The Roatan Marine Park

It is always a pleasure to work with local NGO projects and to assist in creating videos which give the NGOs extra exposure while showcasing all the hard work they do in Roatan. We recently completed a new organization video for the Roatan Marine Park, learn more below:


Welcome to the Bay Islands National Marine Park.

You are now entered the largest marine protected area in Honduras. Located 30 miles from the North Coast it comprises approximately 650,000 hectares of rich coastal marine wilderness.

It is part of the Bay Islands department an archipelago made up of eight islands, the three main islands of Roatan, Utila and Guanaja, five smaller islands as well as 65 small islets.

It lies on the second largest barrier reef system in the world, the Mesoamerican reef region which is renowned for its scenic and aquatic beauty, and such has developed into a prime tourist destination making it susceptible to intense pressures derived from human activities.

To ensure the proper use and protection of the Bay Islands National Marine Park a management plan was put in place and specialized zones were created, each with its own unique qualities of ecological, scenic, anthropological, and economic value.
These zones are the coastal zone, the special marine zone, and the buffer zone.

The coastal zone is the border area that extends 10 meters inland from the high tide line this is where most tourist activities concentrate.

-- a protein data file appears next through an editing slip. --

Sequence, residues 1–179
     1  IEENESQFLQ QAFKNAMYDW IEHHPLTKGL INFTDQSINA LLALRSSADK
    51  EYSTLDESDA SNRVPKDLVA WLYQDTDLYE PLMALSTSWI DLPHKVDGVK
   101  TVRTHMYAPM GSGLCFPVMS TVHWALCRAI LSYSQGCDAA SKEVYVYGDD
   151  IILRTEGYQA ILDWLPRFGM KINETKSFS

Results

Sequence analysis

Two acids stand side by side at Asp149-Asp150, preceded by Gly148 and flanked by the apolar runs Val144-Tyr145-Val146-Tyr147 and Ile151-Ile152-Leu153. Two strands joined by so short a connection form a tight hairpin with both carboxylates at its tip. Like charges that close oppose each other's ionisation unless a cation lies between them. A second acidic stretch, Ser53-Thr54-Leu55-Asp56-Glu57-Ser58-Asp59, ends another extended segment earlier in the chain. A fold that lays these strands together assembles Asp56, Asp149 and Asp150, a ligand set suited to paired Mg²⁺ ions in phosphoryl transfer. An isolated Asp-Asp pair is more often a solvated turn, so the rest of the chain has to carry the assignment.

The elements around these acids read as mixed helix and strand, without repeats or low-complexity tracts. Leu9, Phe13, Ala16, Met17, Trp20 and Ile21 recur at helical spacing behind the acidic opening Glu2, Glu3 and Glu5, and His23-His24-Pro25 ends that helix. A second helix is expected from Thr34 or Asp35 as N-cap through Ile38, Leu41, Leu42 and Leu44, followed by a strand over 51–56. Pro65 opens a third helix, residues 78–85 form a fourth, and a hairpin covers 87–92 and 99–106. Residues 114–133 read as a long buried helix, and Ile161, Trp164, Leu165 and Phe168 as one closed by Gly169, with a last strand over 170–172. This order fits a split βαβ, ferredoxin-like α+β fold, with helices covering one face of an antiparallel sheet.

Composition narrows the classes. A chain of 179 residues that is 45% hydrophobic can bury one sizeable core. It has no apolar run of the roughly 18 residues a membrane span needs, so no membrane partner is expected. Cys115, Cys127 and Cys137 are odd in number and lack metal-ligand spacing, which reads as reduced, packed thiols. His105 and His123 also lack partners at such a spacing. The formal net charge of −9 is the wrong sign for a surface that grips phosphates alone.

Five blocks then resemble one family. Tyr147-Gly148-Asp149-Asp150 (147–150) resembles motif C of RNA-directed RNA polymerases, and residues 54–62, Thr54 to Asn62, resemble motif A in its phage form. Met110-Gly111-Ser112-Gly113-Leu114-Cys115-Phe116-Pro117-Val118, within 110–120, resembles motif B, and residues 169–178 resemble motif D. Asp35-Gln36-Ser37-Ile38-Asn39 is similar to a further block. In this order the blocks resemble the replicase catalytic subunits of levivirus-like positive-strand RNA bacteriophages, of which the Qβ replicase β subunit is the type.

The special marine zone covers the area from the high tide line out to 60 meters in depth, it is subdivided into regions where critical activities paramount to the well-being of the protected area take place. Its aim is to preserve unique elements of the fragile marine ecosystems that have special biological functions.

The buffer zone is the area that extends from 60 meters depth out to 12 nautical miles at sea, it is the perimeter area which aims to minimize the impact on the special marine zone in which multiple activities can be carried out except for industrial fishing. A group of co-managing organizations have been entrusted to support the compliance of the parks managements plan rules and zonal regulations.

The ecosystems of the ecological significance that are found within the Bay Islands National Marine Park are mangroves, seagrass beds and coral reefs.

Among the many services they provide mangroves are unique they protect the coastline from erosion and storms, and their ability to capture and store carbon makes them strong assets against climate change.

Seagrass beds release oxygen and filter the water, they are a source of food for many species and just like mangroves they act as nurseries for all sorts of sea life.

Coral reefs are known to be some of the most productive ecosystems in the world, as they provide a home to more than 25 percent of all marine life, their worth as a tourism attraction is crucial as they drive local economies and support the livelihoods of millions. It is estimated that over 1 billion people depend on them for food, these ecosystems are well interconnected and highly dependent on each other with species transitioning as juveniles from mangroves to seagrass beds and onto coral reefs at a later stage in their natural life cycle. Each play a delicate role in the overall health of the region’s natural environment.

The Bay Islands National Marine Park is not the only protected area with rich biodiversity together with four additional protected areas the Forest Reserve in Guanaja, the Wildlife Refuge of Turtle Harbour in Utila, the Port Royal National Park in Santos Guardiola and Cordelia Banks on Roatan. They host a variety of species and ecosystems that have special interest to the region. When managed in a collaborative and sustainable way they can benefit the local communities and its visitors.